In this project we’ll explore Windows Phone 7 connectivity with WordPress using popular JSON API. We’ll build an app that retrieves a list of posts from WordPress and shows them on our Windows Phone app.

Creating a Windows Phone 7 Project

We’ll create a Windows Phone 7 Panorama project. Panorama control is really cool Smile It started as an open source project on CodePlex and are now shipped as part of the Windows Phone Developer Tools. In Visual Studio, create a new Windows Phone Panorama Application.

image_thumb

Panorama control takes advantage of MVVM (Model-View-View-Model) pattern. If you haven’t heard of it, this wiki is a good starting point, but this pattern is great solid foundation for separating business logic from the presentation. Trust me, when you hit a few thousand lines, you will need a pattern like this, or you may get lost in the woods (code).

After building our template project, we’ll see something like this in the emulator. As you can see, our template loads sample items into our Panorama control. All this magic happens in the MainViewModel.cs file in the LoadData() method.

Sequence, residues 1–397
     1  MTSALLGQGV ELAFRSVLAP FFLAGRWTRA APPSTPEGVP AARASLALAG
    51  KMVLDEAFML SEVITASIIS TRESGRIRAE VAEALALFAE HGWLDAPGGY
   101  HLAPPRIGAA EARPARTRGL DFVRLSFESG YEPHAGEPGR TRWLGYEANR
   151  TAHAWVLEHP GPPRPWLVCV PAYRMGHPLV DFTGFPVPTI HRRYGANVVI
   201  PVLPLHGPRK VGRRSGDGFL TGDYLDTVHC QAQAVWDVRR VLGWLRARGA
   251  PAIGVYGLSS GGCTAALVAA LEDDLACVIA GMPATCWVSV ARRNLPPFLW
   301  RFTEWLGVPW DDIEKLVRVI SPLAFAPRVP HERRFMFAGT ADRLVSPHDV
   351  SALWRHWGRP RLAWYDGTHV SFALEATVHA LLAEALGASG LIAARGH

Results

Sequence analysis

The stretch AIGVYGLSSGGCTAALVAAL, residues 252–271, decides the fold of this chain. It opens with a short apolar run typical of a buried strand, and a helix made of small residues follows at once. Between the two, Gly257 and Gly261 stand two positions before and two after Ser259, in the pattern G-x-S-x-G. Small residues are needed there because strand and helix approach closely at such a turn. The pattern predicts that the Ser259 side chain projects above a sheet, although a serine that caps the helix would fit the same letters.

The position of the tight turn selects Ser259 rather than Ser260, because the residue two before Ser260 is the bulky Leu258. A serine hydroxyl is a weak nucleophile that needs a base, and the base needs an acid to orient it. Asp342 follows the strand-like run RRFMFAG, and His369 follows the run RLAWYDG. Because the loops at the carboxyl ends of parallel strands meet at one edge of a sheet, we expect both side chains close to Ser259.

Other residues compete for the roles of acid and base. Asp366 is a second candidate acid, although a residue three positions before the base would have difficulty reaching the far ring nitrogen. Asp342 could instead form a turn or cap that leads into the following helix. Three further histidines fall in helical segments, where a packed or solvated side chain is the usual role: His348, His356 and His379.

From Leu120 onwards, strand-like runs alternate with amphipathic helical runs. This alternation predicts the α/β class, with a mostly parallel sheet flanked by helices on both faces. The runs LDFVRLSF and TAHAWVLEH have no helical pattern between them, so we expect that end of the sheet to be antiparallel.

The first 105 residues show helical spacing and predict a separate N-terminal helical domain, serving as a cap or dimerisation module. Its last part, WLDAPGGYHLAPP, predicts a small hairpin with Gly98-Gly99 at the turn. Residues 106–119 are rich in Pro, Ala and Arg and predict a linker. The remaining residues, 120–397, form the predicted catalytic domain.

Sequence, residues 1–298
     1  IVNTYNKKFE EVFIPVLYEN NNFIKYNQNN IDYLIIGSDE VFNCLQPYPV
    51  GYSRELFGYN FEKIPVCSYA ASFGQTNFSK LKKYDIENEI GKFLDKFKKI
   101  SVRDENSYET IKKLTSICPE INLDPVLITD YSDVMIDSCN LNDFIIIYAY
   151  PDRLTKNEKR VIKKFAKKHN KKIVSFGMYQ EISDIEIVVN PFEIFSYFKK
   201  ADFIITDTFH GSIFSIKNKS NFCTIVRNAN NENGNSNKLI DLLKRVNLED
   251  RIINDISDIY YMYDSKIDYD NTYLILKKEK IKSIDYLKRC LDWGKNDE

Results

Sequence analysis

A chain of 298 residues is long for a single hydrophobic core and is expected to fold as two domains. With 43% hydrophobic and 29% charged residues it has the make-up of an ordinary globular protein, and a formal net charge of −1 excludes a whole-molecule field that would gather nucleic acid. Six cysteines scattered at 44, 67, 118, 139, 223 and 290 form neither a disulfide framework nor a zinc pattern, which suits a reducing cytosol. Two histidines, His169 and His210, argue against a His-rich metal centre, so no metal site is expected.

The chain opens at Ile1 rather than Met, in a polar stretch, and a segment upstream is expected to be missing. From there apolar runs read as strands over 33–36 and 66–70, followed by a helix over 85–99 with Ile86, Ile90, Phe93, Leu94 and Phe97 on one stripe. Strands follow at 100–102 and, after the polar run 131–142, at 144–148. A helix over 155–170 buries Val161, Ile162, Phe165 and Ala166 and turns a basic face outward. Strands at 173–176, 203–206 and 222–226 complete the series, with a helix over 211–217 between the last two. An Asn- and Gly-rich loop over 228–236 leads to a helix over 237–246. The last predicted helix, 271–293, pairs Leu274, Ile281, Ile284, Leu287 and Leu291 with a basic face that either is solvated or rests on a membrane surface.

Install and activate JSON API Plugin on WordPress

This step is needed on the WordPress side before we can proceed. WordPress doesn’t have a built-in JSON API, but there’s a plugin that provides it. In WordPress, simply login as Administrator, go to Plugins, Add New and search for JSON API plugin. Install it an activate: you’re done! Important consideration: JSON API doesn’t provide any security, I suggest you code a filter to pass all JSON requests through your authentication hook.